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Infrastructure Issue Bridges Gap Between Forwarders, Integrators

A decade-old major highway bridge collapse in Minneapolis still serves as a deadly reminder of the price our nation pays for lack of transportation infrastructure investment.

The incident, which happened without warning over the Mississippi River on Aug. 1, 2007, took the lives of 13 people and injured 145 more during the evening rush-hour commute. It also demonstrated how poor road conditions can cost the United States billions of dollars in lost opportunity, increased fuel consumption and vehicle maintenance expenses.

So, when two fierce competitors, UPS and FedEx, recently combined forces to call for more infrastructure investment, tax simplification, and free and fair trade, forwarders realized that market rivals could stand shoulder to shoulder on the need to make government policies simpler, more equitable and more growth-oriented.

FedEx CEO Fred Smith and UPS CEO David Abney argued that our country needs to set more ambitious targets for its growth after noting that the real 2 percent annual growth in recent years is insufficient. Bigger thinking will encourage company planners to innovate and unleash productivity, but the right policies need to be in place so that everyone can prosper.

The express leaders called for the implementation of simple, fair and progressive taxation as the cornerstone of growth, where lower tax rates, the elimination of loopholes and tax code simplification can create opportunity in the business sector. The resulting rise in GDP would keep tax revenue constant, so the government could still fund necessary programs while allowing individuals and firms to invest more for growth.

Other countries, including China and India, are investing significant amounts into infrastructure as the United States falls behind. This global competition is why the U.S. must expand and modernize its roads, bridges, airports, seaports and other transport modes. A long-term approach with multiple funding mechanisms, including user fees and innovative partnerships with the private sector, is essential, but these funds must be dedicated specifically to transportation infrastructure.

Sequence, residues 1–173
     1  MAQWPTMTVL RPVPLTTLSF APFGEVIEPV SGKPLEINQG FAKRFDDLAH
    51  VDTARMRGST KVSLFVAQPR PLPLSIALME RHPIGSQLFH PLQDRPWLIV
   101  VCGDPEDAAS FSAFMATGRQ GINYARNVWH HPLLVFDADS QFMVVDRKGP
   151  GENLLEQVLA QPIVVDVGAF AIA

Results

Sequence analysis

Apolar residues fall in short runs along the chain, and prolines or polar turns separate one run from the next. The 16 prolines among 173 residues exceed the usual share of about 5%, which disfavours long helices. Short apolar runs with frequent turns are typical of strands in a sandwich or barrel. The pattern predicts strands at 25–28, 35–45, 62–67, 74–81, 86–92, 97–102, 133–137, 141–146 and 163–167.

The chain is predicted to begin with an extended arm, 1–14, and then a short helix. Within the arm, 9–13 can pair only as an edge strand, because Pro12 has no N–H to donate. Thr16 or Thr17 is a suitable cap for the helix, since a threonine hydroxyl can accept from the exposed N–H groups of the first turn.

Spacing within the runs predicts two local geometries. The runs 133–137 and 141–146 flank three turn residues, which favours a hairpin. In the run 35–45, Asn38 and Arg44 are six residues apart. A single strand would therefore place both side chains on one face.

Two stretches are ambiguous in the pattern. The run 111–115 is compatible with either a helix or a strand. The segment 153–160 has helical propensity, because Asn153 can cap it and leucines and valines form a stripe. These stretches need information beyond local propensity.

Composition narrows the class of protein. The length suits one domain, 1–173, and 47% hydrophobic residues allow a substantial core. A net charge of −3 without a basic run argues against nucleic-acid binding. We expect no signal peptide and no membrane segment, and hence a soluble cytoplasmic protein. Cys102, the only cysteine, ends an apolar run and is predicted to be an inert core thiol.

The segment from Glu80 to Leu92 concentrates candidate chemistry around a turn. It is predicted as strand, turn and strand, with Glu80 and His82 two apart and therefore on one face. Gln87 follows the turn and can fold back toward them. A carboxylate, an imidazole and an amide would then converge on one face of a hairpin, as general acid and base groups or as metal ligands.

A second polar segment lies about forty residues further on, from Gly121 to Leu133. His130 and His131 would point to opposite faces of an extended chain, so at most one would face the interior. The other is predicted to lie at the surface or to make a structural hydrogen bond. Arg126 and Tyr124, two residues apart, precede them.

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The incident, which happened without warning over the Mississippi River on Aug. 1, 2007, took the lives of 13 people and injured 145 more during the evening rush-hour commute. It also demonstrated how poor road conditions can cost the United States billions of dollars in lost opportunity, increased fuel consumption and vehicle maintenance expenses.

So, when two fierce competitors, UPS and FedEx, recently combined forces to call for more infrastructure investment, tax simplification, and free and fair trade, forwarders realized that market rivals could stand shoulder to shoulder on the need to make government policies simpler, more equitable and more growth-oriented.

FedEx CEO Fred Smith and UPS CEO David Abney argued that our country needs to set more ambitious targets for its growth after noting that the real 2 percent annual growth in recent years is insufficient. Bigger thinking will encourage company planners to innovate and unleash productivity, but the right policies need to be in place so that everyone can prosper.

The express leaders called for the implementation of simple, fair and progressive taxation as the cornerstone of growth, where lower tax rates, the elimination of loopholes and tax code simplification can create opportunity in the business sector. The resulting rise in GDP would keep tax revenue constant, so the government could still fund necessary programs while allowing individuals and firms to invest more for growth.

Other countries, including China and India, are investing significant amounts into infrastructure as the United States falls behind. This global competition is why the U.S. must expand and modernize its roads, bridges, airports, seaports and other transport modes. A long-term approach with multiple funding mechanisms, including user fees and innovative partnerships with the private sector, is essential, but these funds must be dedicated specifically to transportation infrastructure.

Read Full Article